According to Statistics Canada the present population of Toronto is 2,731,571. If you divide the present number of vehicles for hire, which is approximately 60,997 at the last count in November 2017 into the present population you come up with a per capita formula of 1-per-61, which is an insanely low per capita formula not affording anyone an opportunity to earn a living and with those numbers of vehicles and only about 10 to 12 by-law inspectors to enforce the governing by-law, consumer protection no longer exists.
Although I feel we need to go back to the policies that were in place for Hailo, I am a realist and I know that will never happen so I must, through data and my experience, come up with a solution that I am sure no one will totally agree with, as it will not favour either group involved in this dispute.
It will in my opinion, get us as closer to a fair and level playing field and with industry input, perhaps we can achieve the optimum number of required vehicles that will meet the taxicab’s economic viability and sustainability, which was added as a fourth key principle to the last taxicab reformation at a City Council meeting on October 2, 3 and 4, 2012.
The following are my recommendations to resolve the over saturation of vehicles for hire in the City of Toronto. What first needs to happen is the self-regulation powers given to PTC companies be immediately revoked because the only way that the City can responsibly control the numbers is by the City issuing the licenses, not the PTC’s.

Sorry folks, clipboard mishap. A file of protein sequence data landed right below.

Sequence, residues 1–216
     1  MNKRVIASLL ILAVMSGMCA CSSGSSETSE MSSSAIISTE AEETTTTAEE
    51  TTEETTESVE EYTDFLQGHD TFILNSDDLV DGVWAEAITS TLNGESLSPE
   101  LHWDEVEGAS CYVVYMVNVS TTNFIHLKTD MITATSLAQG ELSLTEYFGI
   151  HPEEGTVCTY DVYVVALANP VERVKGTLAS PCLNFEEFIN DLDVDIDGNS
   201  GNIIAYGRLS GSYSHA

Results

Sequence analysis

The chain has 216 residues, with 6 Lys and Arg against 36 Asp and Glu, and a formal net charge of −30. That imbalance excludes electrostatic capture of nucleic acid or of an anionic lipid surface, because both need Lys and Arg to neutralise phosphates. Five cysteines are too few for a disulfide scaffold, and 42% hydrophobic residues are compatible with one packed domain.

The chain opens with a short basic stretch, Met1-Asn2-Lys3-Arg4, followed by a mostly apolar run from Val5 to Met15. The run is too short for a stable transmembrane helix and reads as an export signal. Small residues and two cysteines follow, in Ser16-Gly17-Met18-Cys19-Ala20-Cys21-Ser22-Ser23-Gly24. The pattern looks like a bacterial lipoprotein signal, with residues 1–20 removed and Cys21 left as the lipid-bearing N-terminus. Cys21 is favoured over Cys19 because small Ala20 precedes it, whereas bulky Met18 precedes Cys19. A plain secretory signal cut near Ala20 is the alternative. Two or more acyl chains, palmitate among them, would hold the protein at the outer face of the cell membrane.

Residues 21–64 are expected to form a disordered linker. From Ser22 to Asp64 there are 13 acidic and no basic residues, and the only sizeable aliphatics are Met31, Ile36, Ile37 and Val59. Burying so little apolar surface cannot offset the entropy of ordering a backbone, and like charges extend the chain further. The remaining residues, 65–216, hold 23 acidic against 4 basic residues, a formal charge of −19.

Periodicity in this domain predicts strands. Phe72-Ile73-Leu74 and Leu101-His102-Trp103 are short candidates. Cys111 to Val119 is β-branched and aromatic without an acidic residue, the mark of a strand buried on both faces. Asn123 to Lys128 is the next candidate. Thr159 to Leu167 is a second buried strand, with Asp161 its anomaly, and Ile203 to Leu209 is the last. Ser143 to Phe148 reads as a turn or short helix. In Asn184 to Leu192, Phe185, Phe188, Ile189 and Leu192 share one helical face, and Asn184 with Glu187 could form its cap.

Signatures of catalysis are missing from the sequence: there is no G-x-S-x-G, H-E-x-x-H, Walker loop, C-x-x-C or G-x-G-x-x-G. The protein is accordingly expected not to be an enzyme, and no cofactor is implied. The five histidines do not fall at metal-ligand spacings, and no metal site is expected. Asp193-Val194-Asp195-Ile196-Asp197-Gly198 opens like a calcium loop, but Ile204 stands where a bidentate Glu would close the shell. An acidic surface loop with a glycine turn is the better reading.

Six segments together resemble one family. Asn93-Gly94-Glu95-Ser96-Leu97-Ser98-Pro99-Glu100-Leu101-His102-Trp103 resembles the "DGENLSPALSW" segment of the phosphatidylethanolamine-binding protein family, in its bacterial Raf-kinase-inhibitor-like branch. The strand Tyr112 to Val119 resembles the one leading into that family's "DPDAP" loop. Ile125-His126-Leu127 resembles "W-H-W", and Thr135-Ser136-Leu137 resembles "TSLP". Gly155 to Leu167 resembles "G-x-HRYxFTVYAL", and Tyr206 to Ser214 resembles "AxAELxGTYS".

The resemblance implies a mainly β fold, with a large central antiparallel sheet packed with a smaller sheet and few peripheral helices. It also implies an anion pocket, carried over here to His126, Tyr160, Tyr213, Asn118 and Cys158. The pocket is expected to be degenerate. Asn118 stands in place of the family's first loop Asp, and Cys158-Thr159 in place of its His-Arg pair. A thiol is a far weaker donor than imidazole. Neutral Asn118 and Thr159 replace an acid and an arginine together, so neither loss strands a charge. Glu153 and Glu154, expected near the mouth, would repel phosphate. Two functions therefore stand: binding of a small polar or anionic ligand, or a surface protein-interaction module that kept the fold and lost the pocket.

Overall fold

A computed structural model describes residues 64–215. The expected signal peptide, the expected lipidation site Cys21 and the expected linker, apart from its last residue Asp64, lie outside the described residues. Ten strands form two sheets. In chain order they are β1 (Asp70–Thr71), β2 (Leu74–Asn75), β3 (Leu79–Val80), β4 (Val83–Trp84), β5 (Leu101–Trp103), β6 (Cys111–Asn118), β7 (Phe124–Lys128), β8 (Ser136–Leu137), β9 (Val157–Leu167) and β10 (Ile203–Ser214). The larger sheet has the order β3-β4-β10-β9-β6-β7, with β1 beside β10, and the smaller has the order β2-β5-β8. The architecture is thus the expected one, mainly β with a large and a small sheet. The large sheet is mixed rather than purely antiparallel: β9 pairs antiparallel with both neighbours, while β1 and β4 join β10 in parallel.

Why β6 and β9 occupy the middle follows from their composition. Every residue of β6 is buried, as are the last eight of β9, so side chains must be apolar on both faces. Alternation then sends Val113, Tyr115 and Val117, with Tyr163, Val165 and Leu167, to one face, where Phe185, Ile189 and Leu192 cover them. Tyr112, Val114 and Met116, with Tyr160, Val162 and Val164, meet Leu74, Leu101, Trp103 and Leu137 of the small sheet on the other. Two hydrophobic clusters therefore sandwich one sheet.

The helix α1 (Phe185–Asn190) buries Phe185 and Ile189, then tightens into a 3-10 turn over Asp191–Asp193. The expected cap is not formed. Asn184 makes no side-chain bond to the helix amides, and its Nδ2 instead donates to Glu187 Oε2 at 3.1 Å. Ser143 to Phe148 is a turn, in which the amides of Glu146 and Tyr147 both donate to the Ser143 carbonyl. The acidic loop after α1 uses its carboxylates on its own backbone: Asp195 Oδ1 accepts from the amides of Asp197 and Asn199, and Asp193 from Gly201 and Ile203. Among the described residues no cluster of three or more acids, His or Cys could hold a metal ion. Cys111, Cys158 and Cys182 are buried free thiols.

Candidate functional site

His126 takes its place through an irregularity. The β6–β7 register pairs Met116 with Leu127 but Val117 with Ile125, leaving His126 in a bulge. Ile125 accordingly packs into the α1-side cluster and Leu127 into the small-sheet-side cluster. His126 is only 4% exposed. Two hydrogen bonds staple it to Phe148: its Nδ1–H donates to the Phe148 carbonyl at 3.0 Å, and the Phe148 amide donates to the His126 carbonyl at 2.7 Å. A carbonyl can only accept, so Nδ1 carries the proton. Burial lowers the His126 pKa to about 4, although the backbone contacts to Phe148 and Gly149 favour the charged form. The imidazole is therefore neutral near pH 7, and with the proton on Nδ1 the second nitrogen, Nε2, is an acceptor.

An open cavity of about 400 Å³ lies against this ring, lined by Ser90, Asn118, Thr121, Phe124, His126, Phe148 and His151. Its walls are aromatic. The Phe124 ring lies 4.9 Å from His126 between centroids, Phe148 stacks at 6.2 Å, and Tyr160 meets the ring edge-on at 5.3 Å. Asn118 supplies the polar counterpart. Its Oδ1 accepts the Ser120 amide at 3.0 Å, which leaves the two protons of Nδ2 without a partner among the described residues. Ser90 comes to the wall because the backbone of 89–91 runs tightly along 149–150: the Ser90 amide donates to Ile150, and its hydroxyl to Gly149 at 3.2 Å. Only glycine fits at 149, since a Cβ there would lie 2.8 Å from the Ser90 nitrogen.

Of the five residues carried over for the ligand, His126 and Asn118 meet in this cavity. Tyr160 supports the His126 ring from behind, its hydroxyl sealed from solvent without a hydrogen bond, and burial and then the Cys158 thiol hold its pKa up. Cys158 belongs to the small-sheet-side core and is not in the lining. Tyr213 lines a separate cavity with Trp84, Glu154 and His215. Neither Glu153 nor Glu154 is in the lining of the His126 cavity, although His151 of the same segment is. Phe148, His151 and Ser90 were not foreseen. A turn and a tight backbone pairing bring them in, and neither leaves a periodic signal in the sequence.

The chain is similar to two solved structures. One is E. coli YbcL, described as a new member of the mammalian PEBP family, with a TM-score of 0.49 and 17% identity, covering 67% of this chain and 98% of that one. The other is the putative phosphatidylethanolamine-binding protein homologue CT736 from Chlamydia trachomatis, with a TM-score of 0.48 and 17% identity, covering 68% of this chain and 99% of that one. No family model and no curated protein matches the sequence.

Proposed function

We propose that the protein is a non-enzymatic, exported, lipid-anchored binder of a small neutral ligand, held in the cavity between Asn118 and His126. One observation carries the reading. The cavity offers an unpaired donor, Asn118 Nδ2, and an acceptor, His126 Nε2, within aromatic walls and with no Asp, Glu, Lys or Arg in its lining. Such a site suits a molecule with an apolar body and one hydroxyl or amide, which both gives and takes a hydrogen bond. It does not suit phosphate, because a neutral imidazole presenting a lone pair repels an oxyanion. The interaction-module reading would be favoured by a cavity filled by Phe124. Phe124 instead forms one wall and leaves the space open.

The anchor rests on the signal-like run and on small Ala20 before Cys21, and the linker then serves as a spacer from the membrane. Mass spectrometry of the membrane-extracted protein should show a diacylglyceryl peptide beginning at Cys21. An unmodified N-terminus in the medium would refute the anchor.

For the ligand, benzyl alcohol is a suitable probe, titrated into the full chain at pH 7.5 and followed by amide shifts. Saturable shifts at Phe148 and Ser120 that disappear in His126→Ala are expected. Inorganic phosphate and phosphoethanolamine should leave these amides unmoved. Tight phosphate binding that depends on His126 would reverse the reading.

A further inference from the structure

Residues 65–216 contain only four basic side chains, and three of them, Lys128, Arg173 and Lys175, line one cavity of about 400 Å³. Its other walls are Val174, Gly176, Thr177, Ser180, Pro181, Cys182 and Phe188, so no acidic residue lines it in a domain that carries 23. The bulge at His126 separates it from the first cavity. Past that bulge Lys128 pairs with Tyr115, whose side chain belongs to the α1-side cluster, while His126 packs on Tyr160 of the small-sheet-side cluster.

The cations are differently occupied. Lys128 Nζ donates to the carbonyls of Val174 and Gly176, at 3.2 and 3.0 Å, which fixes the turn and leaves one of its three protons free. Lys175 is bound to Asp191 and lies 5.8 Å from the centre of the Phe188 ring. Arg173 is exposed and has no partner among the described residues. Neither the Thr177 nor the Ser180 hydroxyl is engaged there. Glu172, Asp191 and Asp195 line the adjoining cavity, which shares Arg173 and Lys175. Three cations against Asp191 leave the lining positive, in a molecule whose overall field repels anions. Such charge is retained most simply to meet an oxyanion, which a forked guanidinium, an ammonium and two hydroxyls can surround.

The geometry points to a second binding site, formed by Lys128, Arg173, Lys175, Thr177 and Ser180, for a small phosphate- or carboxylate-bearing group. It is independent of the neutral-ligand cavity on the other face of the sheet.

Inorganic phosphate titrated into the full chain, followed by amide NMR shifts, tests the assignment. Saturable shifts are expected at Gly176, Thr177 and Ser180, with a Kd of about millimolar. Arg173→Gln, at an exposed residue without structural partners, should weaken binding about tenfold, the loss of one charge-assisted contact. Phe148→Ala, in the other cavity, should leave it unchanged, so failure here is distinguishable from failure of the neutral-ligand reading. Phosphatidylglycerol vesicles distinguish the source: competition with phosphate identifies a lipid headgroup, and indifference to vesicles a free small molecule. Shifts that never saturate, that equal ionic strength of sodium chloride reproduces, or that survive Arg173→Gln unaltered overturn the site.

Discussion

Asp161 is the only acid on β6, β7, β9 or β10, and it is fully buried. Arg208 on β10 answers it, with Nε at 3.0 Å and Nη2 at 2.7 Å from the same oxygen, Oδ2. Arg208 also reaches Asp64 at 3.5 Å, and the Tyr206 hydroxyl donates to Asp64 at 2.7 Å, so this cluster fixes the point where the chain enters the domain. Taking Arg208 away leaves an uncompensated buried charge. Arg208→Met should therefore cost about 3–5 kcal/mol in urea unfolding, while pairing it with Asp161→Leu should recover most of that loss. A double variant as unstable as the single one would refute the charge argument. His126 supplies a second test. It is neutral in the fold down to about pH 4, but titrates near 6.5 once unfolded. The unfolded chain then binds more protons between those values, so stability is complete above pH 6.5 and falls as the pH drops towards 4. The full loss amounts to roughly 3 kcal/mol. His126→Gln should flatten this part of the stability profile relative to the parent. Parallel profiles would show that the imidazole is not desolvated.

Remembering that PTC drivers use this business to supplement their incomes, not to earn their living in the industry, put a PTC vehicle cap of 10,000 vehicles allowed and since there are 5 licensed PTC’s, that works out to 2,000 per PTC brokerage licence. Those numbers can be altered by using consumer usage data. The 10,000 licenses can be proportionately issued to reflect the number of consumers their app is showing using their electronic platform, which can be adjusted on an annual basis, but the total number can never exceed 10,000.
In my heart of hearts, I believe 10,000 is way too much, but I had to factor in that not all 10,000 would be working at the same time so it is feasible that the number could work out to 5,000 or less on the road at any given time, which still gives the PTC’s a good opportunity to profit from their businesses.